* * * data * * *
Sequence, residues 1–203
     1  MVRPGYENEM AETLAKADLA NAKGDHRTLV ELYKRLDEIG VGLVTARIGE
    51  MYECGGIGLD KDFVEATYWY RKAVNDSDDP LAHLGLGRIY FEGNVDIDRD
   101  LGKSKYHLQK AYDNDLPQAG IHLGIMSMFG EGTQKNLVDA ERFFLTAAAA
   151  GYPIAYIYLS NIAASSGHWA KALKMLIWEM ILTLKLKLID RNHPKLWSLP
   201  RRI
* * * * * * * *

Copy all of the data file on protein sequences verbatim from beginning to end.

Sequence, residues 1–203
     1  MVRPGYENEM AETLAKADLA NAKGDHRTLV ELYKRLDEIG VGLVTARIGE
    51  MYECGGIGLD KDFVEATYWY RKAVNDSDDP LAHLGLGRIY FEGNVDIDRD
   101  LGKSKYHLQK AYDNDLPQAG IHLGIMSMFG EGTQKNLVDA ERFFLTAAAA
   151  GYPIAYIYLS NIAASSGHWA KALKMLIWEM ILTLKLKLID RNHPKLWSLP
   201  RRI